Lambic Blending Seminar

Bazi Bierbrasserie

Bazi Bierbrasserie

I’ve been meaning to vist Bazi Bierbrasserie since I moved to the Portland area, but never got around to it. As I was browsing the weekends beer events I noticed they were hosting a Lambic Blending Seminar. Perfect opportunity for me to kill two birds with one stone.

Artisanal Imports and Powered by Yeast ran the hour and half event where they discussed briefly the history of labmics and the process of blending. During the seminar we were given 5 different samples containing various blends of old and young beers, as well as a commercial example of a sour (non-blended). A young beer is a very mild beer used for blending with an old beer which is a very sour and acetic beer. Both beers are brewed with the same wort, in this case 70% barley malt and 30% wheat, but the young beer is pitched with yeast while the old beer is introduced to wild yeast. Blending is done to achieve a consistent product, as it is nearly impossible to brew the same beer twice when dealing with wild yeast and bacteria that inoculate the beer overnight in the coolship.

The young and old beers are not available for sale and wouldn’t be found outside of the brewery. For this seminar the brewer painstakingly kegged a 5 gallon keg of the old beer from a oaken foeder, as well as supplying a 5 gallon keg of their young beer.

100% Young beer

100% Young beer

One of the things that surprised me during the seminar was discovering that like America, most Belgians drink Pilsners, and not delicious lambics, flanders and other unique Belgian beers. Most breweries focus on Pilsner production with a small amount of equipment dedicated to wild beers. The actual young beer we tasted is actually fermented with lager yeast and not ale yeast, since it’s so readily available in the brewery.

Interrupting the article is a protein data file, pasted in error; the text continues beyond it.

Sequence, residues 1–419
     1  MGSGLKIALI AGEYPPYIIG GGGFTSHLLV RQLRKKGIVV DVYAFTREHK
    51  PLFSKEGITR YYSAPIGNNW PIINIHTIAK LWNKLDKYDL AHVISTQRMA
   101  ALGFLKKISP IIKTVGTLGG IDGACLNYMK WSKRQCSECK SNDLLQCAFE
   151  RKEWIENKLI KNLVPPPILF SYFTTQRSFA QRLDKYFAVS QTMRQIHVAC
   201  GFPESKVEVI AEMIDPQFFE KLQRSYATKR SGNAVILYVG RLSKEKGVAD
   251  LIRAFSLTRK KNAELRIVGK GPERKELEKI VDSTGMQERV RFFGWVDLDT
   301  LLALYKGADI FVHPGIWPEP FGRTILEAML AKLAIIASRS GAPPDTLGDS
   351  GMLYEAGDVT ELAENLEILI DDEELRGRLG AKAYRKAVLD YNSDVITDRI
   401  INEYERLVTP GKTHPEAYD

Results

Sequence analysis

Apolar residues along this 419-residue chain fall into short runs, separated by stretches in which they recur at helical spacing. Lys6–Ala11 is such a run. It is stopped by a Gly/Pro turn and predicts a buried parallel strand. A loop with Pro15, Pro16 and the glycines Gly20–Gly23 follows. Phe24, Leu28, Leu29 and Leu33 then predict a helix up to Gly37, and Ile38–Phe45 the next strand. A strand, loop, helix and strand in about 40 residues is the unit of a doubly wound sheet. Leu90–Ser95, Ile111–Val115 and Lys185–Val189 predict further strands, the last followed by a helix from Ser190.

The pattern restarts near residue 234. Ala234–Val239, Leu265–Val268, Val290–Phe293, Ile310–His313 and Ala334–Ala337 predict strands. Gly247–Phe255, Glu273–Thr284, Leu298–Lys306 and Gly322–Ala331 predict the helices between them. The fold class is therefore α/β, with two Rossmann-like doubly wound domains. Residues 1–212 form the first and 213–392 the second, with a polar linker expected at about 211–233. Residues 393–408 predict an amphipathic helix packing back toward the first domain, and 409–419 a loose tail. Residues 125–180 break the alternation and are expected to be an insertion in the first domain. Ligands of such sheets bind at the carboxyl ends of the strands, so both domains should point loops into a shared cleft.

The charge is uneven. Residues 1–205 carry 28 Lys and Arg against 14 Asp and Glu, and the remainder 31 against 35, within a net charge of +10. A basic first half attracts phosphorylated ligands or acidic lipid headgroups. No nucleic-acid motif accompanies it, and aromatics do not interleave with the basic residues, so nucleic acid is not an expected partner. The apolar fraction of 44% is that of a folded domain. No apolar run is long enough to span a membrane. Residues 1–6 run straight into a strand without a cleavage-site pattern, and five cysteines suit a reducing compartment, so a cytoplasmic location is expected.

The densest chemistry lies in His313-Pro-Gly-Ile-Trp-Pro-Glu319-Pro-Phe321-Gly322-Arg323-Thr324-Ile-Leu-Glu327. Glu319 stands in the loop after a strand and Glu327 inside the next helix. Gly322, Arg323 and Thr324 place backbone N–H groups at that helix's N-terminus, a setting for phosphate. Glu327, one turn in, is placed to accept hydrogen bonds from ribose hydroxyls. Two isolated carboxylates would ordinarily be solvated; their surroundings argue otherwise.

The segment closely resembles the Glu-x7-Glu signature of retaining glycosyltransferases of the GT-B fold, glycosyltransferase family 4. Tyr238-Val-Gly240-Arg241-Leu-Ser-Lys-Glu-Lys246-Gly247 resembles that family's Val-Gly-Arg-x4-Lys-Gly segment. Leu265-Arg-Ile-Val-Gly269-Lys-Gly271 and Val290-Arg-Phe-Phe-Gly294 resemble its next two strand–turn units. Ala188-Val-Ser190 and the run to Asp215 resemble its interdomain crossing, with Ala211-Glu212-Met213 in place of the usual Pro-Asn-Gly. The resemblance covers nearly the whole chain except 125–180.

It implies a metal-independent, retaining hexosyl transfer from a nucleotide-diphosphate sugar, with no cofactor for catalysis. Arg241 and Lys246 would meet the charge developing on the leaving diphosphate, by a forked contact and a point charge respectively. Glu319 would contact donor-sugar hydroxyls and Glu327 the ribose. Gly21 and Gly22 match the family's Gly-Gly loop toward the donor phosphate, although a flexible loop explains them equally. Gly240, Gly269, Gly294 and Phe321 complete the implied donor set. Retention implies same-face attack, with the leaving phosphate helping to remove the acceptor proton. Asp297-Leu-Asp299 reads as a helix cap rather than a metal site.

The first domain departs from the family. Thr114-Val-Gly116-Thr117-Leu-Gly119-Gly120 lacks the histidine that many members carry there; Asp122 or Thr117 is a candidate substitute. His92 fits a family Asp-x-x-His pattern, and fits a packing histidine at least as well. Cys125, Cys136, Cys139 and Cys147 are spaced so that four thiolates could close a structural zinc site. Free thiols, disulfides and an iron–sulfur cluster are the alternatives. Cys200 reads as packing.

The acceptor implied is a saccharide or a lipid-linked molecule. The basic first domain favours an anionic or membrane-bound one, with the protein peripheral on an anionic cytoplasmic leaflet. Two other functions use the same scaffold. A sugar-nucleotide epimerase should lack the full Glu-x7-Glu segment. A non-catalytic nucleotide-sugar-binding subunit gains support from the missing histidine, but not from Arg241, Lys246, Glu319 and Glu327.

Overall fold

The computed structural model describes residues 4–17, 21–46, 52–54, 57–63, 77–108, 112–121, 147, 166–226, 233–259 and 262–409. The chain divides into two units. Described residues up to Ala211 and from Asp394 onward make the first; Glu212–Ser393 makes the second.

Sample #1: 100% Young Beer – The beer was very light and frankly pretty bland. It was slightly sweet with no real yeast character.

Sample #2: 75% Young Beer / 25% Old Beer – This one sort of reminded me of a Berliner Weisse. Some sweetness and wheat character with a little bit of a tart finish.

Sample #3: 50% Young Beer / 50% Old Beer – This blend was excellent and would probably be the best for a newbie to sour beers. Its tart and refreshing but not so sour as to turn someone off who isn’t familiar with these types of beers. There is also a little bit of funk present.

Sample #4: 25% Young Beer / 75% Old Beer – This blend was my personal favorite. It’s much funkier and has more of a sour bite than the 50/50 blend. I get more of the brettanomyces character and acetic flavors.

Sample #5: 100% Old Beer – Unblended, and super sour. This one made me pucker and the sourness lingers a good bit. Tons of acidity. I can easily see how this is used to blend with the bland 100% young beer to come up with a decent sour.

Sample #6: Cuvèe des Jacobins Rouge – This beer was much sweeter with softer acetic flavors. There is also some fruitiness present. This beer is created by blending the 100% old beer with some malt extract to give it the red hue and sweetness.

This was a very unique and interesting event and it was fun trying the various blends. Unanimously most agreed that my favorite, the 25% young / 75% old, was the best blend.

Blending is something I’d like to get into in the future. For example I’ve had a not so sour beer that I’ve bottled, as well as another sour that is still aging that is already month puckering sour. It would be fun to get more batches going so that I have the option of blending if one gets too sour or not sour enough.